Kalief Browder a 21 year old man who spent three years at Rikers Island jail despite never being charged with a crime on Saturday committed suicide.
According to the nydailynews, the night before hanging himself the man told his mother: ‘Ma, I can’t take it anymore.’
Browder’s story first came to the fore when as an 18 year old teen he came to be arrested in May 2010 for allegedly stealing a backpack from another teen in the Bronx, NY.
The accusation would lead to the teen being remanded into custody after having been on probation for a prior conviction for stealing a car.
Unable to raise a requisite $10K bail, nor yielding to overtures to accept a guilty plea bargain which would compromise the young man’s mobility in the outside world, Kalief Browder’s family were forced to let their son relish more than 33 months at Rikers Island whilst awaiting trial to prove his alleged innocence.
An instance not so uncommon for lower economic status and minority individuals often entwined by the criminal justice system and with little and few resources to rally along side it.
A system which has been often cited to leading to many incarcerated individuals often accepting guilty plea bargains as they are forced to juggle between long wait times to get a trial, especially in instances where lawyers and judges kick the trial further down the road and the probable time spent inside.
Notes the nybookofreviews: In 2013, while 8 percent of all federal criminal charges were dismissed (either because of a mistake in fact or law or because the defendant had decided to cooperate), more than 97 percent of the remainder were resolved through plea bargains, and fewer than 3 percent went to trial. The plea bargains largely determined the sentences imposed.
During the man’s ordeal he was put in solitary confinement for hundreds of days and beaten by guards as well as gang members.
The teen told his court-appointed lawyer he would not accept a plea deal and wanted to go to trial to protest his innocence.
During this time, the teen attempted to hang himself after two years in jail, following a stint in solitary confinement.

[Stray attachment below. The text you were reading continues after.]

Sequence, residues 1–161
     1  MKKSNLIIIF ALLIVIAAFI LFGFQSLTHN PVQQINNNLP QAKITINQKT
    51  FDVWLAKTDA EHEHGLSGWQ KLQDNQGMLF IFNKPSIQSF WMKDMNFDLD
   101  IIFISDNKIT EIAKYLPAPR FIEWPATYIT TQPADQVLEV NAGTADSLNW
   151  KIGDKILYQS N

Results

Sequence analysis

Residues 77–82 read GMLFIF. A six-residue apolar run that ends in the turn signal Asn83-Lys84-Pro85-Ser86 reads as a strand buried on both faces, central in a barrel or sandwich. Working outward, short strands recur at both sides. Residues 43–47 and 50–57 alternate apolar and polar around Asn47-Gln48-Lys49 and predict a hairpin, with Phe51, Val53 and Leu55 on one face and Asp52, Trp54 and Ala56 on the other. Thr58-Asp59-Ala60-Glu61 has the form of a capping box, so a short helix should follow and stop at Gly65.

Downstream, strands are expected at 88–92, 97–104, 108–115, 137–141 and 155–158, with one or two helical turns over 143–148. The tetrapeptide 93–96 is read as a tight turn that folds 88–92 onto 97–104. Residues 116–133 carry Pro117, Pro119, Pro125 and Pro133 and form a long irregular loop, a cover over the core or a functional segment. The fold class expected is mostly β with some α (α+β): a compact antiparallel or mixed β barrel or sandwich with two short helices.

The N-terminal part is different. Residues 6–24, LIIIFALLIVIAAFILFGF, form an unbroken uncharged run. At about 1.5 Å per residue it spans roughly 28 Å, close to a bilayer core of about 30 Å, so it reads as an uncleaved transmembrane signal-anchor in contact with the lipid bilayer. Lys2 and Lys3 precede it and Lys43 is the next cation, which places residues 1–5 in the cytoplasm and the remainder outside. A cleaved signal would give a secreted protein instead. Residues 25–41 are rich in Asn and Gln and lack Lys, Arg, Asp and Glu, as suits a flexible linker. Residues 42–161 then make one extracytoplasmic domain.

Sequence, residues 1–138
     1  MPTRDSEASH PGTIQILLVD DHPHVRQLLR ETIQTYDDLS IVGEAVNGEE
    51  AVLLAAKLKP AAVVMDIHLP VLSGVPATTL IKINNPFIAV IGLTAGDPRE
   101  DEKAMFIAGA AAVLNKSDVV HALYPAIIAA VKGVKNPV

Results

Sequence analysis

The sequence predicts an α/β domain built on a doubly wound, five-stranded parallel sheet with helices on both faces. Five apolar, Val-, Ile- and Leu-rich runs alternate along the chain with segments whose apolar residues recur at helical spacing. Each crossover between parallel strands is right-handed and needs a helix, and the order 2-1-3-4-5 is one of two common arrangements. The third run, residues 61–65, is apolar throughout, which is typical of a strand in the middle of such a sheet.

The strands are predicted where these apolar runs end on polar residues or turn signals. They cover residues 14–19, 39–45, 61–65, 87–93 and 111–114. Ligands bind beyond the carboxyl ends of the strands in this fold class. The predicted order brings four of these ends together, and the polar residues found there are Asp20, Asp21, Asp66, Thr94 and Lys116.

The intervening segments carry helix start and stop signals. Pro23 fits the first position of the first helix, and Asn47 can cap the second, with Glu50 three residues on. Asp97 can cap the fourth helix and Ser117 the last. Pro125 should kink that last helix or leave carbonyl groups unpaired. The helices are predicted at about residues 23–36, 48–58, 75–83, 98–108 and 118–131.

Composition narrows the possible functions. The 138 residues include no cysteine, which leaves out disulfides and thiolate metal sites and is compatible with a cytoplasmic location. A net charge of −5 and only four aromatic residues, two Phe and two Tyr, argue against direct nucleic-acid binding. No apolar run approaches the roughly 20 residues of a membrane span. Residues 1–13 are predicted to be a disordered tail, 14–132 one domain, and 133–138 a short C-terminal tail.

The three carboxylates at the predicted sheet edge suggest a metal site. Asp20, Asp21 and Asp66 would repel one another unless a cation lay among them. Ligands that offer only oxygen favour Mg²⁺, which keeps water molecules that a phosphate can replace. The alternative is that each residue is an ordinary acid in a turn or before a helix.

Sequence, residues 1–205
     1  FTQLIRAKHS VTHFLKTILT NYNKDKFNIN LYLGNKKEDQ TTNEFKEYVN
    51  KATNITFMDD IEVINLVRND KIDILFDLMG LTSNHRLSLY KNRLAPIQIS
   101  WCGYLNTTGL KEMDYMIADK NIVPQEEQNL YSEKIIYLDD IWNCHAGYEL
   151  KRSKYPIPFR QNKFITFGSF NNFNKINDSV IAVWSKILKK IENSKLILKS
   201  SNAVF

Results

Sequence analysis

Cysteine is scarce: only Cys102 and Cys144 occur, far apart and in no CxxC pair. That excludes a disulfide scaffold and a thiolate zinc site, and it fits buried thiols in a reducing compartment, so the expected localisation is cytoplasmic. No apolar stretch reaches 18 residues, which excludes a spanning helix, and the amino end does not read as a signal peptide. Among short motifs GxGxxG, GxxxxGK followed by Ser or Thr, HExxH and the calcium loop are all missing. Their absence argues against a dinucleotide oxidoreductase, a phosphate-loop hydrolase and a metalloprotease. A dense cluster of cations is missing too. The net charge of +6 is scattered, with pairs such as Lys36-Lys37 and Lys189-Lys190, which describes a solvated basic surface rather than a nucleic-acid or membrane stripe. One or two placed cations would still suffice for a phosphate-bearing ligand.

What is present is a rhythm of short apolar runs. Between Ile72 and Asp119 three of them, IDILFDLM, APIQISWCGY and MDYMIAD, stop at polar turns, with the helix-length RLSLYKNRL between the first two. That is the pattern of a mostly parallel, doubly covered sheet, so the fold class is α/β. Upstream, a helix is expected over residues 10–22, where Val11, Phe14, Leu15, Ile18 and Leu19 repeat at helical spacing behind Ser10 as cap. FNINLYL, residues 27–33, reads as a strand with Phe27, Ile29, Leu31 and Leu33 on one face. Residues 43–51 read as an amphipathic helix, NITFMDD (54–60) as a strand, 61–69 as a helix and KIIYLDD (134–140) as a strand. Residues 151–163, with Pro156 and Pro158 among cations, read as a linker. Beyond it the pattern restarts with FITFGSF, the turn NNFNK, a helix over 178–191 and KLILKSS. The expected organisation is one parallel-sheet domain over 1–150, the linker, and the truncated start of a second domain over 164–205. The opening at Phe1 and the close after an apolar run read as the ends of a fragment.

After being taken to the infirmary, Browder was placed back in solitary confinement.
During solitary confinement, the teen alleged he was starved with guards withholding up to four consecutive meals.
In total, Browder alleged he had spent 400 days in solitary confinement.
Come May 2013 Kalief Browder was eventually released from Rikers after charges were dropped.
Nevertheless by the time the teen had come to be released, Kalif Browder harbored intense feelings of paranoia and had anti-psychotics prescribed for him.
Either because of or in spite of the medication he was now taking whilst awaiting to clear his name and re group his life, Browder would attempt suicide six months after release from prison, by then arguably in the throes of mental illness.
Reflects thinkprogress: Browder isn’t unique in his experiences on Rikers Island, a prison that has faced scrutiny in recent years for a host of human rights abuses. Although incarceration has fallen in recent years, inmates with mental illnesses account for nearly 40 percent of the prison’s population — ensuring that Rikers is among the largest mental health institutions in the United States. Experts say the situation arose thanks to the shuttering of mental health clinics and the absence of comprehensive mental health resources for returning citizens.
Mentally ill inmates have historically been placed in solitary confinement at Rikers Island, even though there’s evidence that practice can exacerbate mental health issues, give rise to paranoia, and make inmates more likely to self-harm.
The man’s ordeal garnered national attention after a surveillance video obtained by the New Yorker,was leaked from Rikers showing him being slammed to the floor and beaten by a guard in 2010.
The footage also showed Browder being beaten by around ten gang members during a wild brawl in the jail.
Describing the attack, Browder had told: ‘After that happened. I was scared to come out of my cell to get in the shower again, because I felt, if I come out of my cell and he slams me again, then I’m going to get more box days.’
Subsequent from his release from prison, Kalief Browder attended Bronx Community College but struggled and dropped out.
He had recently returned to college after an anonymous donor offered to pay a semester’s tuition.
The New York Times reported in March that more than 400 people were in prison for two years or longer without having been charged with a crime.
Mayor Bill de Blasio has promised to have the courts, prisons and prosecutors work to reduce the inmate population by decreasing delays.
Kalief Browder had a pending lawsuit against the city at the time of his death.
For confidential support call the National Suicide Prevention Line on 1-800-273-8255.
And then there were these comments on the web that made me wonder. See what you think?
Then they wanted him to make a plea bargain, admit his “crime,” which of course would mean every time you apply for a job or try to vote… The state of New York killed this kid, even though technically it was suicide.
A justice system that was created to take advantage of the poor and African Americans as well as Latinos. Could not raise 10,000 dollars so they are punished for being poor. A horrible system with no fairness. Add racism,sexism and religious hatred and you have the largest prison population in the free world. SAD